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Writer's Digest Columns: Your Story

Want to see your work published in WD? Here are editor tips on how to write a winning Your Story entry.
Photo by Nong Vang on Unsplash

Photo by Nong Vang on Unsplash

Now in its 111th rotation (and counting), the WD’s Your Story contest proves to be quite popular, receiving hundreds of entries each time.

The Your Story contest format rotates back and forth between a 650-word short story and single-sentence opening line to a story. For both types of contests, the editors of WD select a photo prompt to inspire the story and select finalists for readers to vote on to pick the winner or winners that will appear in the print edition of WD. You can find this photo prompt both in the current issue of WD and at

Because the contest is so popular, WD readers have requested some insider secrets of how to write a winning entry. While there is no secret formula, we’ve come across some patterns when reviewing entries that we thought would be helpful to share.

As with any story you submit anywhere, be sure to read and follow the submission guidelines carefully. Editors include certain specifications in the guidelines for a reason.

For example, our Your Story submission guidelines state to paste your entry in the body of the email and use the Your Story contest number as the subject line. We sometimes have multiple contests open for submission at the same time, so if an entry doesn’t follow these guidelines, we’re left to guess which contest the writer is trying to enter.

Our other submission guidelines state to include your name and mailing address with your entry (so we know who to credit the story to and where to mail the winner’s free copy of the WD issue that it appears in).

Sometimes, not following submission guidelines can disqualify your entry. For our one-sentence story prompt, if the entry is any longer than one sentence, we won’t consider it as a finalist. Nor will editors consider an entry that uses poor grammar or punctuation. Likewise, any short story longer than 650 words won’t be able to fit on the pages of our magazine.

Be sure to check whether the contest you are entering is asking for a full 650-word story or just the opening line to a story. Writing the opening line only of a story is a bit different from writing a full 650-word story, so here is a breakdown of Your Story tips for each type of entry:

One-Sentence Stories

Don’t just describe what is in the photo. Every other reader is looking at the same photo, and if you simply describe what you see, chances are your entry will look pretty similar to at least 100 other contest entries.

Leave a little room open for interpretation, but not too much. Make an attempt to tell readers why or how the subject of the photo prompt ended up in that situation. For example, for our Your Story #100 contest that featured an elderly woman in a police lineup, an example of an entry that leaves too much unsaid is “Standing in the police lineup, Margie was able to start checking items off her bucket list.” This doesn’t tell readers what exactly Margie was checking off her bucket list that landed her in the police lineup.

Stand out with your entry. By this, we don’t mean to use a fancy font or all caps. But we tend to favor the entries that interpret the scene a little differently than most of the other entries. When reviewing the entries, I notice after reviewing a few dozen that there are a few common responses that most of the entries will resemble. For example, most of the entries for the Your Story #96 contest that featured a police car photo prompt told stories of violence against women. So, the entries that interpreted the lights on the car as spaceship lights and told stories about aliens caught my eye.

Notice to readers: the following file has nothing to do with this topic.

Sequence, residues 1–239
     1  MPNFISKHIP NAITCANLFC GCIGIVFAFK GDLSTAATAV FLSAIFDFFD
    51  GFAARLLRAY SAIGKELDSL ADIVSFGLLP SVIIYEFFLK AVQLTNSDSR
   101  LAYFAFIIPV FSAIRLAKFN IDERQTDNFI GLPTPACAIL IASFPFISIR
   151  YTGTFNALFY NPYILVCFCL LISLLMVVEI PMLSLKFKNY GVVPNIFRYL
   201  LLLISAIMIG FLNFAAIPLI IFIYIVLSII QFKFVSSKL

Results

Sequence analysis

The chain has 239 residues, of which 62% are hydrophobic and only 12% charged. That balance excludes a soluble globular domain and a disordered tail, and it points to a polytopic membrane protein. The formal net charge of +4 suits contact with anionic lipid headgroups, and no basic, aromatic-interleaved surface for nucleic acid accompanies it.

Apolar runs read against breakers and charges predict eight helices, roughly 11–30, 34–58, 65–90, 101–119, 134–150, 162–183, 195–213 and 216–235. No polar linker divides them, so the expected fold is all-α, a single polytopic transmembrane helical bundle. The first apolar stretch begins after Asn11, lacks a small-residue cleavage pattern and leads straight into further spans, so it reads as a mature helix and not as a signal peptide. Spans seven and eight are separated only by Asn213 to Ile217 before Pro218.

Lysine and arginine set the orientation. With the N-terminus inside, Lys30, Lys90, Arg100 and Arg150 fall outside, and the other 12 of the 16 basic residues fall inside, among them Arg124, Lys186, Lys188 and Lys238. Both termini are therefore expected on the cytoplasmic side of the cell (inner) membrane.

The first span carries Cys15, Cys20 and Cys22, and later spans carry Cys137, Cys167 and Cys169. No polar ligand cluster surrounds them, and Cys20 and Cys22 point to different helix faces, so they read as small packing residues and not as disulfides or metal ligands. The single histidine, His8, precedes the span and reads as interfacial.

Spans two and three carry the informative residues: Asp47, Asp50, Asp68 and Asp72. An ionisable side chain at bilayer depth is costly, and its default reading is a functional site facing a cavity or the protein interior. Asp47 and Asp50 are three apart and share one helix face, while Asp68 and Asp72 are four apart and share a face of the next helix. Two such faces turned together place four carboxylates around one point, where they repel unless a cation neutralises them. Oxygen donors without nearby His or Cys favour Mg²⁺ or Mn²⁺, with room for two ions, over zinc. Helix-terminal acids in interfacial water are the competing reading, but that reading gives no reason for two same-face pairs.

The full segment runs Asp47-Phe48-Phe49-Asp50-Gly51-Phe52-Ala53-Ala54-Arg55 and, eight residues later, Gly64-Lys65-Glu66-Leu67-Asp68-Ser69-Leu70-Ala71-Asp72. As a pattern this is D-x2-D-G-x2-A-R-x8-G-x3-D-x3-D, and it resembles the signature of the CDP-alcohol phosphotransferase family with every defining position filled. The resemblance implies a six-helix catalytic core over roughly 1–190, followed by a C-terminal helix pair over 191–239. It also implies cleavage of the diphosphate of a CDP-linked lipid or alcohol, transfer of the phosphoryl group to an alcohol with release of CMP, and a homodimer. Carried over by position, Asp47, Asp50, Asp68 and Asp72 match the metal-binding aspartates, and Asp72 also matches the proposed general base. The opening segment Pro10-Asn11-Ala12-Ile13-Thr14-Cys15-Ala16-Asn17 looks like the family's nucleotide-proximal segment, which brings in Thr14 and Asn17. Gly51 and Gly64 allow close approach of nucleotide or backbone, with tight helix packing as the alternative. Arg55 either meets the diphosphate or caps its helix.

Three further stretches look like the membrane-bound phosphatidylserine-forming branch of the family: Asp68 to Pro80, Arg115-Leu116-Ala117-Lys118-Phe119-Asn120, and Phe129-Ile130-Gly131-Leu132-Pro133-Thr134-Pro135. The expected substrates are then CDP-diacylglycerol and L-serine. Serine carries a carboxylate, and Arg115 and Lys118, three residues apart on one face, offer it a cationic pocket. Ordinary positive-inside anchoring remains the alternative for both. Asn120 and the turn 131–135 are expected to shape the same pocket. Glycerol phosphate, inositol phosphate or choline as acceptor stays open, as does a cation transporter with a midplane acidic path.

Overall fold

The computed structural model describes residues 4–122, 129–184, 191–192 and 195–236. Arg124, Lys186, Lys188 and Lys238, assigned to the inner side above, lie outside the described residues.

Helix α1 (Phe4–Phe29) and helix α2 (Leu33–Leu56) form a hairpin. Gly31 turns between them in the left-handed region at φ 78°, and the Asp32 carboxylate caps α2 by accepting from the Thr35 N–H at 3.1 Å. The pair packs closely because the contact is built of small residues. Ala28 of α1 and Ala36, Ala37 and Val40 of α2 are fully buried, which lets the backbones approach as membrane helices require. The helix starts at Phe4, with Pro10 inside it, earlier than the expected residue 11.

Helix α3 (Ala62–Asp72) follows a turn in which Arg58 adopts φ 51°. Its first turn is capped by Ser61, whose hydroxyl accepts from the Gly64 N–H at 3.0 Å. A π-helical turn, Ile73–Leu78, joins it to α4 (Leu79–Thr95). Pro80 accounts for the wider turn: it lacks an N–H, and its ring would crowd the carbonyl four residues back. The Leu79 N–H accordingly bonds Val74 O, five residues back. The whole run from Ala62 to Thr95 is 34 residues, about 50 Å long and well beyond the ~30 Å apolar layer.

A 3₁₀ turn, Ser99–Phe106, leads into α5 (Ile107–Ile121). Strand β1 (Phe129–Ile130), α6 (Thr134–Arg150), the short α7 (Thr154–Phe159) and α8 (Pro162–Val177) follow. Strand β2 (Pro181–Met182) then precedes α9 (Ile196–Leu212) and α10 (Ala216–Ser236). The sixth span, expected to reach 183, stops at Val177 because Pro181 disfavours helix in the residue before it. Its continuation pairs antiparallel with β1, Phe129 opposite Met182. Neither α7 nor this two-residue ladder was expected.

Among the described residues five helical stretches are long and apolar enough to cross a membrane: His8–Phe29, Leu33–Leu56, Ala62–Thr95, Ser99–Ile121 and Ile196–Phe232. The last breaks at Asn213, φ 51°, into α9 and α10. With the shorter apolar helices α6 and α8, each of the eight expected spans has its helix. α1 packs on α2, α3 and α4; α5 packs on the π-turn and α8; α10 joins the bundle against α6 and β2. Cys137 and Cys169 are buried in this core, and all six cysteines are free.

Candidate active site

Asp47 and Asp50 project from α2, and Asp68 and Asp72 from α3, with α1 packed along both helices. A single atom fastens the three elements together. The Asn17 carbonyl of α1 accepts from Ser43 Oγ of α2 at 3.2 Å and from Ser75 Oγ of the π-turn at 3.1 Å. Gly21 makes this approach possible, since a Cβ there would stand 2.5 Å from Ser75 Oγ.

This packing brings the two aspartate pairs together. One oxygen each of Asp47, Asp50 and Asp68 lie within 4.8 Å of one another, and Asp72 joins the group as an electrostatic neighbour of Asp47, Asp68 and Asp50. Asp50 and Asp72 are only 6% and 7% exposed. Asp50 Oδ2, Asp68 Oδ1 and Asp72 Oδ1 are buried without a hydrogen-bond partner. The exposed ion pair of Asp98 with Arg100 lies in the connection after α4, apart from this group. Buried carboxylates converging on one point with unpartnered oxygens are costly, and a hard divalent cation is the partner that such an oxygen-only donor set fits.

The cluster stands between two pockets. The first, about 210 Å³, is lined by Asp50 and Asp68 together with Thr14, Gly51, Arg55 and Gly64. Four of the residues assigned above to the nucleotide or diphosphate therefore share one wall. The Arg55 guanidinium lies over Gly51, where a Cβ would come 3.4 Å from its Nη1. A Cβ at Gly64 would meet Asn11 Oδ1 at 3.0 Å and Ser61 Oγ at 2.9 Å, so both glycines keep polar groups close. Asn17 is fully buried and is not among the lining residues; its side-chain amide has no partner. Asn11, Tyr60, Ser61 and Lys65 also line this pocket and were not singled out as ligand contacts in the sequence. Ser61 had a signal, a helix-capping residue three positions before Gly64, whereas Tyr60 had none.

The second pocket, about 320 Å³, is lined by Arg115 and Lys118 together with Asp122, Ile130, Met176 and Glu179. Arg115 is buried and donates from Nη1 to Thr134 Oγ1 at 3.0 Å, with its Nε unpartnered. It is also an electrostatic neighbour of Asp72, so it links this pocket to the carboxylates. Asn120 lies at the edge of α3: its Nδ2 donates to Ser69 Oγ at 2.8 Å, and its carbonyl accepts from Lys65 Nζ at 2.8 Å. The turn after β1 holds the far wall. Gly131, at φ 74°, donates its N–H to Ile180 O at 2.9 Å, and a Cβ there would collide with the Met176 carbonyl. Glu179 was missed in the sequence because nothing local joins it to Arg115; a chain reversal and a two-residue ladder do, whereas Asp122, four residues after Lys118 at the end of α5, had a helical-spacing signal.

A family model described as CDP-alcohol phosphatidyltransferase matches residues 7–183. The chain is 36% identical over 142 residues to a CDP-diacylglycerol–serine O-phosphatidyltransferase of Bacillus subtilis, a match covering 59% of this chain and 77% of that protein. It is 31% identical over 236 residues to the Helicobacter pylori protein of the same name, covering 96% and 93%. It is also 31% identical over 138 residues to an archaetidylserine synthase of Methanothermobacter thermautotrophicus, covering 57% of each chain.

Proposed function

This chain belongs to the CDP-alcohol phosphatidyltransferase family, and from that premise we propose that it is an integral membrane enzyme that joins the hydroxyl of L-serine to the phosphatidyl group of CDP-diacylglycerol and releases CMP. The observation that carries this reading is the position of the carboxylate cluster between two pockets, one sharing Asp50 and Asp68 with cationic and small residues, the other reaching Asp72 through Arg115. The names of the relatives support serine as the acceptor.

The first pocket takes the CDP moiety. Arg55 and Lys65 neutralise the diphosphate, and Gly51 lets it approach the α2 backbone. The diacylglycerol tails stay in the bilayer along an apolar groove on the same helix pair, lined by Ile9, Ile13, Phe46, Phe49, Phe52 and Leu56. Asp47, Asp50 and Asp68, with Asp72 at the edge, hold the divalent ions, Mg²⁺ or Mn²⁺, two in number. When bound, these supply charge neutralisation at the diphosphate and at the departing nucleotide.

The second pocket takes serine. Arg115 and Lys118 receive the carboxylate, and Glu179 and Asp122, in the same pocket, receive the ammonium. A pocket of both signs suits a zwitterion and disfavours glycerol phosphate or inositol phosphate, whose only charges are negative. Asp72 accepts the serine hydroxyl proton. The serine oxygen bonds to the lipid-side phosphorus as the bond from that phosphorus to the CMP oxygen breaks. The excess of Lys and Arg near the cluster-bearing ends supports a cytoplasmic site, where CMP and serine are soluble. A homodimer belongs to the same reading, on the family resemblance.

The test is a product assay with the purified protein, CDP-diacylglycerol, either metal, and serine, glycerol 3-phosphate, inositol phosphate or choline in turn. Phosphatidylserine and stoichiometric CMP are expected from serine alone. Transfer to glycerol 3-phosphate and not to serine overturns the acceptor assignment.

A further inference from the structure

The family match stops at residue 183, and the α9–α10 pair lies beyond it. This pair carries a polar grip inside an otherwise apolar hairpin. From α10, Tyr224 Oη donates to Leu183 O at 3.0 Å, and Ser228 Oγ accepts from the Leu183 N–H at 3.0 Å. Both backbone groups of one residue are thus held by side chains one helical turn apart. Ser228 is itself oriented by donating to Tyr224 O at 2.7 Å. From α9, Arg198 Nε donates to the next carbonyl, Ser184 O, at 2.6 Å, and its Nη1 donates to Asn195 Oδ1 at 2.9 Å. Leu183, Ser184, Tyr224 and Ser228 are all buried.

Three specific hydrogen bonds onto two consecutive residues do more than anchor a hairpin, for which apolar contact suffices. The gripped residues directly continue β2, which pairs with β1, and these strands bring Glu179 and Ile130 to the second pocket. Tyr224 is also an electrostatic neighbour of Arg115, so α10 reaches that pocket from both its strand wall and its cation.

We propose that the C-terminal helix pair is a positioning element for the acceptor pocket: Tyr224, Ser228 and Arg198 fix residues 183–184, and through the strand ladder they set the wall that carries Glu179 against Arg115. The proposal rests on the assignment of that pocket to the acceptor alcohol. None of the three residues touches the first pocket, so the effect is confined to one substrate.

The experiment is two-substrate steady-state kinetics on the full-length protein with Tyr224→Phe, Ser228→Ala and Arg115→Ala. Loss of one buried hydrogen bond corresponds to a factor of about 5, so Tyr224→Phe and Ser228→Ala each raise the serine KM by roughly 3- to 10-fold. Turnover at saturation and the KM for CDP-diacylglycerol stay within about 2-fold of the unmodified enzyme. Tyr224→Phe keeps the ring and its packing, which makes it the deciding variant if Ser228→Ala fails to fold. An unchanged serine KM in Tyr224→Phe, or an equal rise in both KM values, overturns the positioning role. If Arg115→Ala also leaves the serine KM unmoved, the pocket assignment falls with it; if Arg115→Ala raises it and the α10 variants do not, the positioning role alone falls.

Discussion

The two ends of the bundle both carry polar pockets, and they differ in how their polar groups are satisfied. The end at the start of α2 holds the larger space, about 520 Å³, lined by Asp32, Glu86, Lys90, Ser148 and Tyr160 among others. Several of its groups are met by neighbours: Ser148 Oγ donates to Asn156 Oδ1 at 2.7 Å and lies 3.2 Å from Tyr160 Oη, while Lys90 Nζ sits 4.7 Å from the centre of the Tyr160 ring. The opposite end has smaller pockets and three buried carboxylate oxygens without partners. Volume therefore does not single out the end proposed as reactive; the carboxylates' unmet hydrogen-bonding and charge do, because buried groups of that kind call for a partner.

650-Word Stories

Have a strong opening that pulls readers in. But at the same time, you need to provide enough details to give readers a clue of what is going on. If the first few paragraphs are too ambiguous or confusing, you could leave readers lost and risk your entry being passed on. Story openings should provide enough information to paint some part of the picture, even if the rest is to come.

Don’t switch back and forth between verb tenses. It’s confusing, and one of those poor grammar mistakes that tells editors to move on to the next entry.

Don’t just summarize events, or tell a story entirely in a dialogue between two characters. Readers don’t want a story that goes a little like: “This, happened, then this happened, and now we’re here.” If something is a major part of the plot, such as an epic battle to save the princess from the dragon, chances are readers would much rather see this story playing out through some strong scene-building, sensory details, and action than to hear a third-person narrator or another character recount the events of the story as if they were recounting what they ate for breakfast.

Don’t wait until the last paragraph to make the story exciting. There’s nothing wrong with a twist ending to a story, but expect readers to get bored if that’s the only interesting part of the story and they must read paragraphs of fluff to get to it. Try avoiding the cliché “It was all a dream” twist ending. We’ve seen it far too many times.

The same rules of all good flash fiction apply to Your Story. Our photo prompt is just that—an inspiration. Use it to set you on the path of plotting and writing a great story, but don’t let it limit where your creativity might take you.

Are you ready to enter the Your Story contest? Visit to see the latest photo prompt.

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